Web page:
Amblin Television returned to produce and Steven Spielberg was heavily involved in its production just like he was with the first series, watching to make sure it was moving in the right direction and even making suggestions like how it should include more political satire.

Some aspects of the series have disappeared, including the Hello Nurse character who was excluded due to changing attitudes about objectifying women (the series is so self-aware that they hilariously reference their own political correctness).

Animation on this series was outsourced as usual, this time being provided by Yowza! Animation, Tonic DNA, Snipple Animation and the three South Korean studios Digital eMation, Tiger Animation and Saerom Animation.

You can definitely quibble that Animaniacs was better in the nineties, especially since the original series had a wider variety of characters (only the Warners and Pinky and the Brain have returned for the reboot) but that doesn’t mean the reboot isn’t great, and it would be unfair to compare the two series since they are both made by completely different people in two different eras. Even if there are things about it that I personally dislike (in my case, the absence of Slappy Squirrel), it is still one of 2020’s sharpest animated series. Pinky and the Brain are particularly just as brilliant as they always were. I actually laughed at their cartoons more than the ones starring Yakko, Wakko and Dot, which is how I always reacted to Pinky and the Brain even back in the nineties. They remain my favorite part of the series.

My overall verdict on Looney Tunes Cartoons and Animaniacs is that they are both excellent, hilarious and creative. Looney Tunes Cartoons arguably did a more impressive job because they had the bigger challenge of adapting Tex Avery and Bob Clampett’s styles to a modern age, requiring one foot to be set in 1940 and the other to be set in 2020 at the same time. They pulled it off admirably.

Along with WB’s recent efforts to reboot Looney Tunes and Animaniacs, their feature film animation division Warner Animation Group (WAG) has been busy revitalizing the studio’s other popular properties with films like Scoob!, Tom & Jerry and Space Jam: A New Legacy. In fact, WAG is in the process of building a cinematic universe for Hanna-Barbera with film adaptations of The Flintstones, The Jetsons and Wacky Races currently in the works.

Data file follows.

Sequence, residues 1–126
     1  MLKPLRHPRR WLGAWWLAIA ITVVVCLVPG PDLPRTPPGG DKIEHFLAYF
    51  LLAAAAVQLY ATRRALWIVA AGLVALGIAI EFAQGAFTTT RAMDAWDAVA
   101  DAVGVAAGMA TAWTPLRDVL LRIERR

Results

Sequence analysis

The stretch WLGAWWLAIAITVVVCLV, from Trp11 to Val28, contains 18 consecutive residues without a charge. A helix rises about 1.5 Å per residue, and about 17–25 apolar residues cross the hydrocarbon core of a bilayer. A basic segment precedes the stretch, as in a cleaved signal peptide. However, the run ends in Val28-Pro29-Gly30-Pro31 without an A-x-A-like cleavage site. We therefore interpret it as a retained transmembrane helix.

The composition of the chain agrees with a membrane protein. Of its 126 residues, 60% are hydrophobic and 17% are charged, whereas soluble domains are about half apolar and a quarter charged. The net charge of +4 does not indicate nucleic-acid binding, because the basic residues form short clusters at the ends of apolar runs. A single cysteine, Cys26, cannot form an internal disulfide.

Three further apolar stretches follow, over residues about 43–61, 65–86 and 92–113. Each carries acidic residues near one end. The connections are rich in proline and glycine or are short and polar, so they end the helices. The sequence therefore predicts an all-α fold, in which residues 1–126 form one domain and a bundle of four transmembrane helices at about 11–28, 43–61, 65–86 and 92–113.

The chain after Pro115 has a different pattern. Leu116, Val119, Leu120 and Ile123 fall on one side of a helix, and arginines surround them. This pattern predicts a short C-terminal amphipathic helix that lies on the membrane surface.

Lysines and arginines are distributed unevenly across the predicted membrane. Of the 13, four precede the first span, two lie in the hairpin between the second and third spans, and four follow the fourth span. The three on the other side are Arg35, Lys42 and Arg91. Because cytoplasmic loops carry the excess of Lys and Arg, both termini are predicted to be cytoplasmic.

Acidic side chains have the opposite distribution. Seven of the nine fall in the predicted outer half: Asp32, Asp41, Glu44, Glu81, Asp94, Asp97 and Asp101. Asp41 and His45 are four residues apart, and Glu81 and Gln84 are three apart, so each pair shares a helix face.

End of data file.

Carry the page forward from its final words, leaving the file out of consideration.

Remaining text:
In addition, WB Animation has shows like Scooby-Doo and Guess Who? and Flintstones reboot Yabba-Dabba Dinosaurs currently in production for Boomerang as well as the Hanna-Barbera crossover Jellystone! from C.H. Greenblatt (Chowder, Harvey Beaks) for HBO Max, which will feature Yogi Bear, Huckleberry Hound, Snagglepuss, Top Cat, Quick Draw McGraw, Pixie, Dixie, Mr. Jinks, Auggie Doggie, Doggie Daddy, Magilla Gorilla, Peter Potamus, Squiddly Diddly, Yakky Doodle, Jabberjaw and others.

And then there’s the upcoming Tom and Jerry in the Big City, Tiny Toon Adventures reboot Tiny Toons Looniversity and the hybrid live-action/animated HBO Max series Tooned Out which will be helmed by Who Framed Roger Rabbit director Robert Zemeckis and feature many WB cartoon stars (and apparently Christopher Lloyd).

WB Animation is finding success with its reboots so far. And the studio’s current shows Young Justice, Teen Titans Go!, Harley Quinn and Green Eggs and Ham are similarly killing it (speaking of Dr. Seuss, WAG is working on movies based on The Cat in the Hat and Oh, the Places You’ll Go! so does that also mean Dr. Seuss cinematic universe?) I only hope that Warner Bros. will give its artists the creative freedom to experiment and develop their funny bone the way that Leon Schlesinger did in the days of Termite Terrace, because that’s the only way WB Animation will truly be as great as they once were.